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The runners’ jaw mistake

THE GIST

Athletes often clench their jaws and grind their teeth during sprints and HIIT. That tension negatively impacts your training and puts unwanted stress on the bones, muscles, and joints in your mouth.

EXPERT INSIGHT

Tensing your jaw is a natural reaction to prepping for a heavy lift, but the habit hurts your cardio performance, says David Otey, personal training manager at Equinox Sports Club Upper West Side in New York City. Muscle-clenching uses glycogen, which you want to use as fuel so you can move as quickly as possible.

Over time, it can also lead to cracks or fractures in the teeth and painful inflammation of the temporomandibular joints (TMJ), says Jeffrey Laubmeier, dentist and member of the Academy for Sports Dentistry in Lakewood, Ohio.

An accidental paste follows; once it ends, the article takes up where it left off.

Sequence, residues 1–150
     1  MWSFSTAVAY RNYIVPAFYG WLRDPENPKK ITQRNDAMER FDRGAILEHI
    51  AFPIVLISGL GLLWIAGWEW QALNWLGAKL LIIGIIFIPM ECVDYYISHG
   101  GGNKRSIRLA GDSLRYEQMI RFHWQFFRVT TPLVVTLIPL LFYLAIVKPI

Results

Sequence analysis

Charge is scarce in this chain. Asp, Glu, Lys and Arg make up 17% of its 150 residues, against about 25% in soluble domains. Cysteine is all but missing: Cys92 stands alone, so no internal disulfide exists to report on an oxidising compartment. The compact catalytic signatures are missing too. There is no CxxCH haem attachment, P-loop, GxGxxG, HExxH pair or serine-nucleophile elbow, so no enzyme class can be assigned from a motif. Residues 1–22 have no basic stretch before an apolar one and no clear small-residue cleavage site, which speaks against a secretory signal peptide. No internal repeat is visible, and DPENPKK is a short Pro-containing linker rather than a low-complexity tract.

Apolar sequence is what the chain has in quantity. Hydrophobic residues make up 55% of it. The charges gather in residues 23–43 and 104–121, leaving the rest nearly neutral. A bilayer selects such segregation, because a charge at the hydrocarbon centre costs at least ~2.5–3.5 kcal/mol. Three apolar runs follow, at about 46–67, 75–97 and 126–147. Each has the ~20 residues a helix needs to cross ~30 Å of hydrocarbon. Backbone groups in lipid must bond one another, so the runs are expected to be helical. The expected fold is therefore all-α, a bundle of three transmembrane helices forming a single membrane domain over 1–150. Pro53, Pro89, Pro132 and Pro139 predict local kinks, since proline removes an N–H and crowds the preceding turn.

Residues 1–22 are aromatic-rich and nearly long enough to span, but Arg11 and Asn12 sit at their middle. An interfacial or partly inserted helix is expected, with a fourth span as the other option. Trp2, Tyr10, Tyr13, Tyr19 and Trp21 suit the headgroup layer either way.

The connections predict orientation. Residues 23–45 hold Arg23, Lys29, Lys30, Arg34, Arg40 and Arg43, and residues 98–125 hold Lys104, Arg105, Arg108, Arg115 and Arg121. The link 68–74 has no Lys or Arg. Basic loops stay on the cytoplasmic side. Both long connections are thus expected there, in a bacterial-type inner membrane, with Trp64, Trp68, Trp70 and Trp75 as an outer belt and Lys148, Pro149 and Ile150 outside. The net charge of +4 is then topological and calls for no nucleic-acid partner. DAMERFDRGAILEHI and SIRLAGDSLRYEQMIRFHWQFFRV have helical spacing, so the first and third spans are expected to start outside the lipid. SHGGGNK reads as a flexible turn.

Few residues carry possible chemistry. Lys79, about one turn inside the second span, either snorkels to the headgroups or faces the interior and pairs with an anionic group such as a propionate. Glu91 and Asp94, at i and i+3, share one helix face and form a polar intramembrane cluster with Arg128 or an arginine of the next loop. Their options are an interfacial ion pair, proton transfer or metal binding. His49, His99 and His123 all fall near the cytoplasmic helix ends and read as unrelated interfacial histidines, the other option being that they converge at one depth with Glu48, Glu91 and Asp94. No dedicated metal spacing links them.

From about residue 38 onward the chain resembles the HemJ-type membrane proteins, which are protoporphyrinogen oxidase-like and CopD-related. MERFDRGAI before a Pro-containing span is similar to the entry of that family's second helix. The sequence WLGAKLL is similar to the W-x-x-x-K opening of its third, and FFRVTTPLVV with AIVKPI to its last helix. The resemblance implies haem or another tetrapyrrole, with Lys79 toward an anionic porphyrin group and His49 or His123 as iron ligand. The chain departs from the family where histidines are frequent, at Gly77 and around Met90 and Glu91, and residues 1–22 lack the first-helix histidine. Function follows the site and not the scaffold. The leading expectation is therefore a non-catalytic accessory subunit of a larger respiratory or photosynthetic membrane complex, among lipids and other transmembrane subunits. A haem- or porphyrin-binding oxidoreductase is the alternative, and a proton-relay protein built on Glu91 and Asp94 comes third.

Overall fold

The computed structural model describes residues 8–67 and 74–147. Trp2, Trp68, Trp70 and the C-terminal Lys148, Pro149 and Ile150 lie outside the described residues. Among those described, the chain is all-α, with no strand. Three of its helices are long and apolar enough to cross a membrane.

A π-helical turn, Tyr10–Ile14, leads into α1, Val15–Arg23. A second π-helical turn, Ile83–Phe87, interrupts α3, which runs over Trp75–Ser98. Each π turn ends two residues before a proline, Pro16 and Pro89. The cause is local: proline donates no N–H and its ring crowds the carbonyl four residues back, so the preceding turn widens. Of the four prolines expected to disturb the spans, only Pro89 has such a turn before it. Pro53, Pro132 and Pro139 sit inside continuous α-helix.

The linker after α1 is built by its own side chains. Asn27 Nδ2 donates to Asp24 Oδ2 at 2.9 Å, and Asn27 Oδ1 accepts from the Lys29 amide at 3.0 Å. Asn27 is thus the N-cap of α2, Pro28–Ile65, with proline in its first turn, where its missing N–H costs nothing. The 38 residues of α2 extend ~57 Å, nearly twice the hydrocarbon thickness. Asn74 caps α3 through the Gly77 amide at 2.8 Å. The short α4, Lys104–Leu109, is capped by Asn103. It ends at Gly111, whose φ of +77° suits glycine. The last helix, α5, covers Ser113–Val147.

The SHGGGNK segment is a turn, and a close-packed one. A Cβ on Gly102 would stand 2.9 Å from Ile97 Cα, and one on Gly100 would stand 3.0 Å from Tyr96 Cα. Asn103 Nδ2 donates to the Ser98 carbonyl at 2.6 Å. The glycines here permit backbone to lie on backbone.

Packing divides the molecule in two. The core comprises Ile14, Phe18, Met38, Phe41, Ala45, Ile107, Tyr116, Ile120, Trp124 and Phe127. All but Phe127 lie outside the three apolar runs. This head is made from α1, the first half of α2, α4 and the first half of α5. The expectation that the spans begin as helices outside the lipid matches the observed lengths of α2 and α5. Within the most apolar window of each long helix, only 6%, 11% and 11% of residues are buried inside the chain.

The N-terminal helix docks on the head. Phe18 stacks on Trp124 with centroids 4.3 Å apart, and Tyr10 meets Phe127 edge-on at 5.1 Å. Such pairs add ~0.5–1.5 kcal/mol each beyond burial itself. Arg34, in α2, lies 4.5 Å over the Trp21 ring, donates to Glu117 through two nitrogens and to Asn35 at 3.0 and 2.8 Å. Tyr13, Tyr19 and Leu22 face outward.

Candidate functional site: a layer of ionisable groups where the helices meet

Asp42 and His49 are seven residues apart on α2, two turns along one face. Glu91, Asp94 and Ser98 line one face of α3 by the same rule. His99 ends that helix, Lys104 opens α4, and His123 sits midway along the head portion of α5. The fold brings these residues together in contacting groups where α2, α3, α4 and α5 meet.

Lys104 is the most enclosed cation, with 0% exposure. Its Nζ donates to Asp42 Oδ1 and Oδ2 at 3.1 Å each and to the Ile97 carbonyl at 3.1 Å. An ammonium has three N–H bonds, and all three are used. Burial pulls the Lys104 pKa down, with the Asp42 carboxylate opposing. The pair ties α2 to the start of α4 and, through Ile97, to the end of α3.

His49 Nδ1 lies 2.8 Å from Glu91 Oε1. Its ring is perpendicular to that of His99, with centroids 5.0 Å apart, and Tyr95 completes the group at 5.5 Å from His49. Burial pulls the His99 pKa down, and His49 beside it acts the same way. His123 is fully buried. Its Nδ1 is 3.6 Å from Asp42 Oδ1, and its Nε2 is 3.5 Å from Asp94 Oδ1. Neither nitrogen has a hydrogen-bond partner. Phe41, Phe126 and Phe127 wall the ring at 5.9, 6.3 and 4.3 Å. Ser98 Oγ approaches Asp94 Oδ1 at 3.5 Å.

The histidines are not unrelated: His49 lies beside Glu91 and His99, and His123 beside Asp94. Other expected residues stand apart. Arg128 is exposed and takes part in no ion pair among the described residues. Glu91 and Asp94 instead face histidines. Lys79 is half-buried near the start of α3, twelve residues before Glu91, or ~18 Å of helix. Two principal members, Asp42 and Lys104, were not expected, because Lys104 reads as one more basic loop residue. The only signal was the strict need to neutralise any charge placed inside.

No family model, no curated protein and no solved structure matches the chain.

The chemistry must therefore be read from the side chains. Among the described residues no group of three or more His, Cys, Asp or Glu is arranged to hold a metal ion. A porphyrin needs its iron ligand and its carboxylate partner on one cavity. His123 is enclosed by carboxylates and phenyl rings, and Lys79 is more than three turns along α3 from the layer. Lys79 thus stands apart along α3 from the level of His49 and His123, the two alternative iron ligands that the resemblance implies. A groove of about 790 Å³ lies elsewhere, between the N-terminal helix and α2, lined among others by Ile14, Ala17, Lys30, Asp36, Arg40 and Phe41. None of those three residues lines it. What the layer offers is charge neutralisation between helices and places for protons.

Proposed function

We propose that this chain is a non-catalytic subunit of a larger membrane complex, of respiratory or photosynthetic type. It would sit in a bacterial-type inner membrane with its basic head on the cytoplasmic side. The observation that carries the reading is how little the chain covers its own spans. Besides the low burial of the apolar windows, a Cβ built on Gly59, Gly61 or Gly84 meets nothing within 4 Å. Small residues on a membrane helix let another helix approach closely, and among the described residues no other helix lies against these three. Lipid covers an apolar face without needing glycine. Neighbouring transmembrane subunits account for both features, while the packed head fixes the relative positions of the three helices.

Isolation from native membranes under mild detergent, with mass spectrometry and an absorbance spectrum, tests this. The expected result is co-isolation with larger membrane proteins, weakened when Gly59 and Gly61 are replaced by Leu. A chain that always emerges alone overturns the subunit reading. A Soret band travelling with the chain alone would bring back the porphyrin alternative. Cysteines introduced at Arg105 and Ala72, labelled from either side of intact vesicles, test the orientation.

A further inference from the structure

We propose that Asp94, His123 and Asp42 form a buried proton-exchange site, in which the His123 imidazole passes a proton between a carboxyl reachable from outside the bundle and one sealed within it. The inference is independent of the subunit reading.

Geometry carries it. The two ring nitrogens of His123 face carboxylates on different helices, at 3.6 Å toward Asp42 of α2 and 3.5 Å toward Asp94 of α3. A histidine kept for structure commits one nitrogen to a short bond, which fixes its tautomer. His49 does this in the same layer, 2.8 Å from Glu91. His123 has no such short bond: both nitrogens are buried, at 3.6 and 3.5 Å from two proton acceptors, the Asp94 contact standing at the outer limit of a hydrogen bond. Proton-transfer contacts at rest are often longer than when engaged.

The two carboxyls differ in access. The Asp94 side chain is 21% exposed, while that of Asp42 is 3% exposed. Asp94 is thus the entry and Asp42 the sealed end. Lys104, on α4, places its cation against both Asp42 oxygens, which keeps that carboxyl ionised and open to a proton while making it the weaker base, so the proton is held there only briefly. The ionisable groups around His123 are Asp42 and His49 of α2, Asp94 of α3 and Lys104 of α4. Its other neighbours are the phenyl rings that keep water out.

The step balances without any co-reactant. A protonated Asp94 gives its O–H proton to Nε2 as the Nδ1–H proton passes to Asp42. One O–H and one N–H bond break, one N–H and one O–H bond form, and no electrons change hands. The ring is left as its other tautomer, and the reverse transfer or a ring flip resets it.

THE BOTTOM LINE

Relaxing your jaw during cardio ups your power output and protects your teeth and jaw. Otey suggests inhaling through your nose and exhaling through your mouth at an even pace to minimize clenching. If you notice early signs of damage like soreness along the top of your jaw or tenderness when eating hard or chewy foods, consider wearing a mouthguard like this one while you train, Laubmeier says.